It is important to be confident in what you know, be realistic at what is achievable within time frames, and have the guts to give it a go!
Gavin: If we could give advice to those just starting out now it would be to choose your market and build it around that; stay focused and don’t try to expand too quickly. Make sure you spend money in the right places and hire the right staff to support you and the business in the future.
If you are self-employed or running your own business then you may have engaged the services of other professionals to help you start up your business. Perhaps you hired an accountant to set up your accounting system. Perhaps you hired a web design company to set up your website. Maybe you hired a solicitor to help you set up a limited company or draft a partnership agreement. Which of those professional services cost you the most? I bet it was the solicitor.
I’m not knocking solicitors: good solicitors are worth their weight in gold. But gold is a very expensive thing. Sometimes other solutions are worth considering. I’ll lay my cards on the table here – our business sells template legal documents so I’m a big fan of DIY law. The truth is, many of the legal aspects of setting up and running a small business are straightforward and you may be able to save your business hundreds of pounds in legal fees if you use a template solution.
A DIY approach
So, what things can you do yourself for your business? These are some of the activities, traditionally the domain of a solicitor, than can lend themselves to a DIY approach:
Incorporating a limited company
Setting up a limited company is straightforward –if you’re happy to accept the ‘model’ (i.e. default) articles of association you can incorporate online at Companies House for £15. To use your own articles of association (and there are good reasons why you might want to) is not much more difficult and costs £40. You can also buy an off-the-shelf limited company from any of a huge number of websites for not much more than incorporating one yourself.
Setting up a partnership
If you choose to set up a (unincorporated) partnership or limited liability partnership rather than a limited company then this is also easy to do. Setting up a traditional partnership is uncomplicated – a simple, single Partnership Agreement document is all that is required. Setting up a limited liability partnership is a bit more complicated – it is more like forming a limited company. Various forms have to be completed and submitted to Companies House, fees paid etc. In either case, you can find plenty of information online including template documents.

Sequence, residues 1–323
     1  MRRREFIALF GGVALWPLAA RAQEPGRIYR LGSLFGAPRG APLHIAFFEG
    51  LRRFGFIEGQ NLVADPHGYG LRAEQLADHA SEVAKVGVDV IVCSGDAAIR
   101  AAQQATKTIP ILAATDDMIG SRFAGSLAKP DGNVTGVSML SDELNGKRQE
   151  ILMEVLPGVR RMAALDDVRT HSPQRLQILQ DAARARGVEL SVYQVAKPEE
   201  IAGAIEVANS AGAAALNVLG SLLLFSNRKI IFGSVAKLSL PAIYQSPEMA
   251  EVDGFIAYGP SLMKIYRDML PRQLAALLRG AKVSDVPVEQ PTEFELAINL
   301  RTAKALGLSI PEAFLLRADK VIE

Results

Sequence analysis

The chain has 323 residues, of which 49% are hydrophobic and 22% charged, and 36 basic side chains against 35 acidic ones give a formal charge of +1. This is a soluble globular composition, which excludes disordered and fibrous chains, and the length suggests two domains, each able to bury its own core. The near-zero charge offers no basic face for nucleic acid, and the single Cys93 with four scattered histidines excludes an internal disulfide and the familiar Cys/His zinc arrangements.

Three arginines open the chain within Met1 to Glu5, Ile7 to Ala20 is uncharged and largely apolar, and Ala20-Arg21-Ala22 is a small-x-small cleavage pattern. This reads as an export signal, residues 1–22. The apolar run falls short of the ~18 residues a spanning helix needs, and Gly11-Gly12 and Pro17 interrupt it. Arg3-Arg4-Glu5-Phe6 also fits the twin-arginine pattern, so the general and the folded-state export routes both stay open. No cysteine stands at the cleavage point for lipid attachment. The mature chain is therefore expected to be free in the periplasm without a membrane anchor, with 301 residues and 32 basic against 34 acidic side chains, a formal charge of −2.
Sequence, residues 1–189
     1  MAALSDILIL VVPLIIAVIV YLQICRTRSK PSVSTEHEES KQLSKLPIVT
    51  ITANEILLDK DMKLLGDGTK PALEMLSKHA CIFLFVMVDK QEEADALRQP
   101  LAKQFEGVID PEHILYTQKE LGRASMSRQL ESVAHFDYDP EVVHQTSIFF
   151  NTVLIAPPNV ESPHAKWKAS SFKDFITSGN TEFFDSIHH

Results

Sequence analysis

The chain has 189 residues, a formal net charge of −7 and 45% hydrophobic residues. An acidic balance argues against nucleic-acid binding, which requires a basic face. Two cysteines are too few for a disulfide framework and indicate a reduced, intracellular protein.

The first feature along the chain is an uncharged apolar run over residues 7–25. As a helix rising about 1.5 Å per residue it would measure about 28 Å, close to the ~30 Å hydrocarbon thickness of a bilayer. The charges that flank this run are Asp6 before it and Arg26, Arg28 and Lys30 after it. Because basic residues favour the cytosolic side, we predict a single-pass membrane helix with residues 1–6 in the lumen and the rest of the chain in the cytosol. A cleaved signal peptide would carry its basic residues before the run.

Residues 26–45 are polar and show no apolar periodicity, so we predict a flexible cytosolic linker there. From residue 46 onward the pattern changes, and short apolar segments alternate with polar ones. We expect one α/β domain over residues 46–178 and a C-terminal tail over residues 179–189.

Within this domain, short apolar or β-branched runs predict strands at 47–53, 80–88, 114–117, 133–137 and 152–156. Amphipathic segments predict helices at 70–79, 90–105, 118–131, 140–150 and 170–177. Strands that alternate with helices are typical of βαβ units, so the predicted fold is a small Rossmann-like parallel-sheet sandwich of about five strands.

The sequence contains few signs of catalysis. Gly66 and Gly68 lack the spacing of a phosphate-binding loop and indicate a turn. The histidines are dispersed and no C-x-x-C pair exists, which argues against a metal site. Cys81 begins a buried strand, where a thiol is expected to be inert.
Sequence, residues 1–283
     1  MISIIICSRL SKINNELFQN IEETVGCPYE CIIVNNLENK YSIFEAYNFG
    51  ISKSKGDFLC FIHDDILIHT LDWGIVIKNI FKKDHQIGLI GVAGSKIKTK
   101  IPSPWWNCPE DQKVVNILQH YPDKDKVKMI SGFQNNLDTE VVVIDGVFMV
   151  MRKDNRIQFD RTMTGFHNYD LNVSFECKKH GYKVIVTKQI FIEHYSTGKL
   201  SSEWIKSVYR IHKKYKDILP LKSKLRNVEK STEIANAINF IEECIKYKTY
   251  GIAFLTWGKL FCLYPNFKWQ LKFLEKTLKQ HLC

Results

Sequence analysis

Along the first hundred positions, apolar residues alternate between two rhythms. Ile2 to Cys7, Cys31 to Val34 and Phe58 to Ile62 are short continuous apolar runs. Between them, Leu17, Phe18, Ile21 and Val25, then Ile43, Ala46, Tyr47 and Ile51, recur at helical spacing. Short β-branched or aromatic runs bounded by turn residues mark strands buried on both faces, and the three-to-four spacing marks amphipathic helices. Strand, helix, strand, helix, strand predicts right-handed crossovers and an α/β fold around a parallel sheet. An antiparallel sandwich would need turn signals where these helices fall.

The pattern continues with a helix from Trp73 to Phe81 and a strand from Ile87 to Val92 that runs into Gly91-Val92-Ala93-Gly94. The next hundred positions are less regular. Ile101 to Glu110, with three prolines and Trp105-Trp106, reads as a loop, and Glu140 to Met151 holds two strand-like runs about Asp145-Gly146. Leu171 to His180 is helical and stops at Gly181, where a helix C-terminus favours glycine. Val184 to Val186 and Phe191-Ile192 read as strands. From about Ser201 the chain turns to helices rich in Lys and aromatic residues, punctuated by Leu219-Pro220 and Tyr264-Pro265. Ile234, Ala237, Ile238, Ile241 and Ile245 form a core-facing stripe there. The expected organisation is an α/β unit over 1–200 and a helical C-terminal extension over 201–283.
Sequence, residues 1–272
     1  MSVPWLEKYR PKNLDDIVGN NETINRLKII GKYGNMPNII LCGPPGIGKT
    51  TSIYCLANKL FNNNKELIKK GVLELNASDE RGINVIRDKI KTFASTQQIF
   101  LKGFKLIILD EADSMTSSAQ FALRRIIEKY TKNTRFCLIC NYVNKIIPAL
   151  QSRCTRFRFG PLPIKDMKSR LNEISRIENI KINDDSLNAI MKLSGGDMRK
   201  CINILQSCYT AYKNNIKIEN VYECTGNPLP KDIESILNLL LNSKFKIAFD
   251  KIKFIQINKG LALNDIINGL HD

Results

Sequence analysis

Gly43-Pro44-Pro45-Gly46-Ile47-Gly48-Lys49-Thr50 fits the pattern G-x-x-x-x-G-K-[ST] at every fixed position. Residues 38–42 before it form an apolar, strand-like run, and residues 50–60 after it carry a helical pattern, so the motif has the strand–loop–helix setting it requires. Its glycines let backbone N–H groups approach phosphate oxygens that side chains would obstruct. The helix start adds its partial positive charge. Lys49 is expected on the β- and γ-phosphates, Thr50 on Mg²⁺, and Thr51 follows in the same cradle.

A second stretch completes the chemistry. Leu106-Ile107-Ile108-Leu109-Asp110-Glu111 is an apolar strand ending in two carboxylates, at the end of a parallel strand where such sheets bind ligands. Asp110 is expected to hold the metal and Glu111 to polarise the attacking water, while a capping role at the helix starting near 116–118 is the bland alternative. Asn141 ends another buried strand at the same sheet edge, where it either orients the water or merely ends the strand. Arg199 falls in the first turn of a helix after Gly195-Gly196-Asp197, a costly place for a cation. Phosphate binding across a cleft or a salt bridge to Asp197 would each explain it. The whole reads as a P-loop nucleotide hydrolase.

Employing and recruiting staff
Once your business grows to the point where you are ready to employ staff there are a range of other legal documents you will probably need, the main one being a contract of employment.
You don’t have to have a written employment contract but it is good practice to do so. At the very least, you have to provide any employee who works for you (for at least 1 month) with a written set of ‘employment particulars’. The employment particulars are often included in a written contract of employment, setting out all the terms of employment.
A contract of employment, for the majority of small business employers, is a standard document and lends itself to a template approach. As ever, if your requirements are specialised then you may need legal advice.
Hiring a consultant
If you want to hire a consultant to provide specific services to your business (e.g. a web design consultant, public relations consultant, business consultant etc.) then you will need some form of contract between your business and the consultant. Most consultants can provide a contract ready for you to sign or but if you provide the contract then you can make sure the terms suit your business. A contract to hire a consultant is usually a fairly standard document and lends itself to a standard template.